For episode 7 we were in the Ardennes – an area of forest and hills bordering Belgium, Luxembourg and France with towns and villages that date back centuries. It is well known for its beautiful landscape, and also for the savage fighting that took place here during World War 2.
The Memorial at the Schumann Nothum crossroad in Wiltz, Luxembourg. This memorial is at the head of the trail leading to the foxholes in the woods at Schumann Eck where numerous American and German soldiers fought and died during the Battle of the Bulge 1944-1945.
We began our paranormal investigations on the forest’s edge, the site of The Battle of the Bulge, where more than a hundred thousand perished. Many believe the forest is haunted by the spirits of these dead soldiers.
The haunted forest was a first for the team and even during our daylight recce of the area it was quite unnerving how calm and silent this beautiful woodland was. Even with the memorial and information boards that were dotted around it is hard to imagine the trauma that these soldiers went through fighting in freezing temperatures during those dark winter months. It is also more difficult to investigate from an ethical perspective when delving into more recent history with the possibility of living descendants of the many thousands who fell here.
What was unusual about our daylight walk was the high readings we were getting on the Electro magnetic field meter (EMF). A field of force, produced by electric charges and currents, which has both an electric and a magnetic component and contains electromagnetic energy. The properties of electromagnetic fields were first outlined by Scottish physicist James Clerk Maxwell in 1865.
The background levels were unusually high for a woodland with no source of power for miles. It could have been paranormal or perhaps we were just picking up on natural sources caused by unseen underground cables however in this woodland that did not seem feasible.
This wasn't the only investigating that we filmed in Wiltz as we were based away from the Woodland in the historic Wiltz Castle. Prior to our late night investigation of the forest we spent some time investigating the legends of the castle.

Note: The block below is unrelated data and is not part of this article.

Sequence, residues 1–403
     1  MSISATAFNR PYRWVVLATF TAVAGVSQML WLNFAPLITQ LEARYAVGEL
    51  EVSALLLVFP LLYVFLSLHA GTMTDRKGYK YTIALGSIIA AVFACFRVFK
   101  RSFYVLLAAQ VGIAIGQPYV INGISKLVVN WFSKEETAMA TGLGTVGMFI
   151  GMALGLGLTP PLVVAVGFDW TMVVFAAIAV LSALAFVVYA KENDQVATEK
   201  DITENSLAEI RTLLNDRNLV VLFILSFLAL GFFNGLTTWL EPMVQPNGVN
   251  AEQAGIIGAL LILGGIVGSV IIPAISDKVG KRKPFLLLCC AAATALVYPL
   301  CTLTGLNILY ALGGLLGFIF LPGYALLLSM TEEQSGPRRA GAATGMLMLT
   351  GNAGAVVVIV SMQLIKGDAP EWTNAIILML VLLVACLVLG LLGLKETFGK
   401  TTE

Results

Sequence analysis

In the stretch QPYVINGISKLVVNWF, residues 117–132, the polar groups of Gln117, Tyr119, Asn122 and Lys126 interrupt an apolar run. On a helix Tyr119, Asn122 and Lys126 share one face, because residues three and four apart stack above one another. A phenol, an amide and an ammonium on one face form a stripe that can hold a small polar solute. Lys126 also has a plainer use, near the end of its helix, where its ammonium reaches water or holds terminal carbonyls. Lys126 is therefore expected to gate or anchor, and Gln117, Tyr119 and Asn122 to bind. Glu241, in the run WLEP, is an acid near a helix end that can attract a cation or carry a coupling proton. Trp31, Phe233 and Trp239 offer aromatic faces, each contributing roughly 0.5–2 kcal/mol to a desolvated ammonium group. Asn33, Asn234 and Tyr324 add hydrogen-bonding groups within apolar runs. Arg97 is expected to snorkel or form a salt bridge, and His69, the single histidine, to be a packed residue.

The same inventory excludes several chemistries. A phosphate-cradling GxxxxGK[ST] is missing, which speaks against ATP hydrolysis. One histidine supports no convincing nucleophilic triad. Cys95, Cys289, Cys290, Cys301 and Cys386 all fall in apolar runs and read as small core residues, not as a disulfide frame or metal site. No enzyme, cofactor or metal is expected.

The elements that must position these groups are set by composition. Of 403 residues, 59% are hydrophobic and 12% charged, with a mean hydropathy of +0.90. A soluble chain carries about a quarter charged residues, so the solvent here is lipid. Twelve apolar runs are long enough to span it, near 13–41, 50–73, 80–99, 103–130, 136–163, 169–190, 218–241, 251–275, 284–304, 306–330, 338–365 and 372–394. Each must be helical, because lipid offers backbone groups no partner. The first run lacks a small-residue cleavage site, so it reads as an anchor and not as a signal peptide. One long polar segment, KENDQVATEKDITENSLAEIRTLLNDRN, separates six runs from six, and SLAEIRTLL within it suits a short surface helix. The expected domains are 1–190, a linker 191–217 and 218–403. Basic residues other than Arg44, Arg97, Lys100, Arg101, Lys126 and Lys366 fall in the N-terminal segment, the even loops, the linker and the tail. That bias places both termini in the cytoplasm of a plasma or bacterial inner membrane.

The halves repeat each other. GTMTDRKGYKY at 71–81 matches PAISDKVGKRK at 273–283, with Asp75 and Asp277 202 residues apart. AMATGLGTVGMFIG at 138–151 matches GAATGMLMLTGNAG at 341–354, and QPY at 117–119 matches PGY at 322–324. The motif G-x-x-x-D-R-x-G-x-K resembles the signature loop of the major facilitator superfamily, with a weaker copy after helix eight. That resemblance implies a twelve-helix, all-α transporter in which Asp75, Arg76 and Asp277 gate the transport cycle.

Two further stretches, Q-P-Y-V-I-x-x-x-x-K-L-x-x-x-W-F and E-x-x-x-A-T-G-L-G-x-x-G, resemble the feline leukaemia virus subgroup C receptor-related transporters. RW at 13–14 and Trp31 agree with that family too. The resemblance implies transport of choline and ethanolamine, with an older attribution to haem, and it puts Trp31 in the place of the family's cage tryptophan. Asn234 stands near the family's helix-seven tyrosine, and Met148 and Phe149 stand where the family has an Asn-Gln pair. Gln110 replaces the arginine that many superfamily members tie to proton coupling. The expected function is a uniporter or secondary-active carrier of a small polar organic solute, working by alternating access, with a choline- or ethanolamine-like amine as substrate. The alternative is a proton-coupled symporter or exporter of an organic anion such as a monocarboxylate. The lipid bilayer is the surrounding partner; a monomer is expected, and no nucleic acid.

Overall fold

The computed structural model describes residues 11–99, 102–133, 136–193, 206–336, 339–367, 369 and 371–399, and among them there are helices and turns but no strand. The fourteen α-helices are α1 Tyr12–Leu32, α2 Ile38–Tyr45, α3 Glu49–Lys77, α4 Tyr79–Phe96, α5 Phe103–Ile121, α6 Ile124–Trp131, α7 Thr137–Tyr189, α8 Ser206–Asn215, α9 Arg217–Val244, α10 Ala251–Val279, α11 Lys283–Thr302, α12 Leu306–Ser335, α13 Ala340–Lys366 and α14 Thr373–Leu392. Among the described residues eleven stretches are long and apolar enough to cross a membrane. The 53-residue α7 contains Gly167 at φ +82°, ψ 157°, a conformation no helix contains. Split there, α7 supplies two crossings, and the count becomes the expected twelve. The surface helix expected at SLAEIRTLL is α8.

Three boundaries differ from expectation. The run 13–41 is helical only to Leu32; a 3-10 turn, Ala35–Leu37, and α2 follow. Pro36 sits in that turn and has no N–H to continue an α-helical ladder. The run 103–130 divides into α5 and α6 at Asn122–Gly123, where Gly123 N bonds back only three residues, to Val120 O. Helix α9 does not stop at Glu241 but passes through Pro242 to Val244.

The original castle was built in the 13th century by the Lords of Wiltz, initiating the development of the upper town of Wiltz. In 1388, the French attacked the town and burnt the castle down but it was soon repaired. In 1453, Wiltz was again attacked, this time by the troops of Philip of Burgundy. The oldest part of today's castle is the round “Witches Tower” on the northwest side. It was built in 1573 and subsequently restored twice. Since the 19th Century Count Jan, the legendary armoured knight, whom the good people of Wiltz have chosen as their eternal guardian, has graced the roof of the multistory tower.
Under Count John VI of Wiltz, the construction of today's Renaissance style castle was begun in 1631. After delays caused by the Thirty Years War, the main building was not completed until about 1720. The old chapel was finished in 1722 and the monumental staircase leading down to the gardens was completed in 1727. The castle premises were acquired by the State of Luxembourg in 1951 for use as an old people's home. Today the castle is famous for its annual music festival.
The Witches Tower
Being the oldest part of the castle Paul and myself decided to leave recording equipment in the empty witches tower away from the main castle while we investigated the cellars there. As we filmed nothing of significance this section was not aired and the episode concentrates on our investigation of the site of the world war 2 battles. However we did appear to catch something unexplainable on our locked off recording gear. Here is the anomaly.